It's complicated: karaage is not actually fried chicken. Yes, karaage is chicken meat that has been cooked in hot oil, but it’s not the same as fried chicken. The difference lies in the preparation method that lends karaage its special place on the Japanese menu. There are a couple of key stipulations:
- Karaage is marinated: Karaage’s unique flavor must come from its marinade. Fried chicken, in contrast, mainly gets its flavor from seasoning in its batter or sauces/toppings applied after. The National Karaage Association votes on karaage based on a shio tare (salt marinade) or shoyu tare (soy sauce marinade), and the dividing line is quite stark.
- Karaage is not dredged in batter: Unlike tempura which uses a liquid batter, or katsu, which relies on panko (breadcrumbs), karaage theoretically uses only dry coatings. Potato starch, corn starch, rice flour, and wheat flour are all used, each with its unique texture and result. But across the board, karaage’s frying technique produces light, crispy outsides, with a juicy center and uneven surface texture.
Karaage tastes and looks very similar to fried chicken, so it's a good choice no matter where you go, especially for families traveling with picky eaters.
Types of Karaage
Here's an overview of the main types of karaage you'll find in Japan.
Common Types of Chicken Karaage
Karaage senmonten, aka specialty stores whose main product is karaage, serve many different types of karaage. From tebasaki karaage chicken wings, to momo thigh-meat karaage (the most popular type of karaage in Japan) to mune white meat and sasami tenderloins, you’ll be spoiled for choice. All of them are delicious, but like fried chicken, the fat content and texture depend on the cut of meat used.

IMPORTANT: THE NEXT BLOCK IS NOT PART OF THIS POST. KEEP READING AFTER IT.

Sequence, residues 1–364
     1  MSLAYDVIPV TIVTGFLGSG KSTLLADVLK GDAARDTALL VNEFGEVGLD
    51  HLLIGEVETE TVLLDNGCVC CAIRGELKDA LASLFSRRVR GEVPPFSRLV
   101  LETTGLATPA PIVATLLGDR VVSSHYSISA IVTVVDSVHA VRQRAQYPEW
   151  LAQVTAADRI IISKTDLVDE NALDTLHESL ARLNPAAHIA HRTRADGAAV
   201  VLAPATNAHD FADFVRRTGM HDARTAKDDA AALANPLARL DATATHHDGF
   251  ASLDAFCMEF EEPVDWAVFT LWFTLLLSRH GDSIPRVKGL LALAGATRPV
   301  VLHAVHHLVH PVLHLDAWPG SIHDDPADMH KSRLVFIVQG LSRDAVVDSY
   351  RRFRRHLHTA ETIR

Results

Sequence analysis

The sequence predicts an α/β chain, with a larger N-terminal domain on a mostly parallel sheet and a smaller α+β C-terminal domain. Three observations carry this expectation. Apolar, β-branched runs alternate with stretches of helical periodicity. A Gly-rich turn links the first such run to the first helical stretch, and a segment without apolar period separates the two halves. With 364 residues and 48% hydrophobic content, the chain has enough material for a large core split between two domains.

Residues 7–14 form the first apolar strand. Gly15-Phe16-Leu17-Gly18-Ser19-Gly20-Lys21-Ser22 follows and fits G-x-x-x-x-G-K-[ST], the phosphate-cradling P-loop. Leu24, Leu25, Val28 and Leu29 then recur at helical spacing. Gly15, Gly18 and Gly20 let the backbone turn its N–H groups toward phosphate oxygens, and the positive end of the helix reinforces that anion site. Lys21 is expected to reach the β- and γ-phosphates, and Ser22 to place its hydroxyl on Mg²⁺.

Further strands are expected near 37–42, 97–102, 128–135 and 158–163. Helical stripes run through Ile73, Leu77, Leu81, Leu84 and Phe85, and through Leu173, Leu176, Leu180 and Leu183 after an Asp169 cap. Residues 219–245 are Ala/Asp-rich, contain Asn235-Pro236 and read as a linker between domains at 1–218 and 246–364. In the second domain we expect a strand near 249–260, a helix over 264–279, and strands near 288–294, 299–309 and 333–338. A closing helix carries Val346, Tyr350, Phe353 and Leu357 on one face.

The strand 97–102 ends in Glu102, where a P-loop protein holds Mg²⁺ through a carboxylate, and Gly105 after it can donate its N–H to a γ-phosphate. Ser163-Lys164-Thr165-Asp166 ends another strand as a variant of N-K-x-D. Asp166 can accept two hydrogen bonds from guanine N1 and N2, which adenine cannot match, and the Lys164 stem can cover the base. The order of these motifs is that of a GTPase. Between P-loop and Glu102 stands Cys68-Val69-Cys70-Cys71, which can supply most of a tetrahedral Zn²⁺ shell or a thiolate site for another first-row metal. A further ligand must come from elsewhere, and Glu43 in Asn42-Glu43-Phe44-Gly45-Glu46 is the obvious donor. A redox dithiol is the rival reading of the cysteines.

Other Types of Chicken Karaage
Two other types of Japanese chicken karaage include soft chicken bone cartilage karaage and chicken skin.
You can find remnants of kaisen karaage in the form of ika gesso (squid) and tako (octopus nuggets, effectively.) Fugu karaage is also a thing!
Tatsuta Age: A Special Type of Karaage
Karaage goes by different names, one of which is tatsuta age. Between the shio tare and shoyu tare, tatsuta age is narrowed to the latter. The soy sauce marinade gives the chicken a reddish brown color, and when only potato starch is used for frying, the result is a crispy white outside.
This pattern is said to look like autumn leaves on the Tatsuta River in Nara, so the specific combination of soy-sauce marinated, potato-starch only karaage gets this special name. Like squares and rectangles, every tatsuta age is a karaage, but not every karaage is tatsuta. It's a particularly delicious style if you can find it!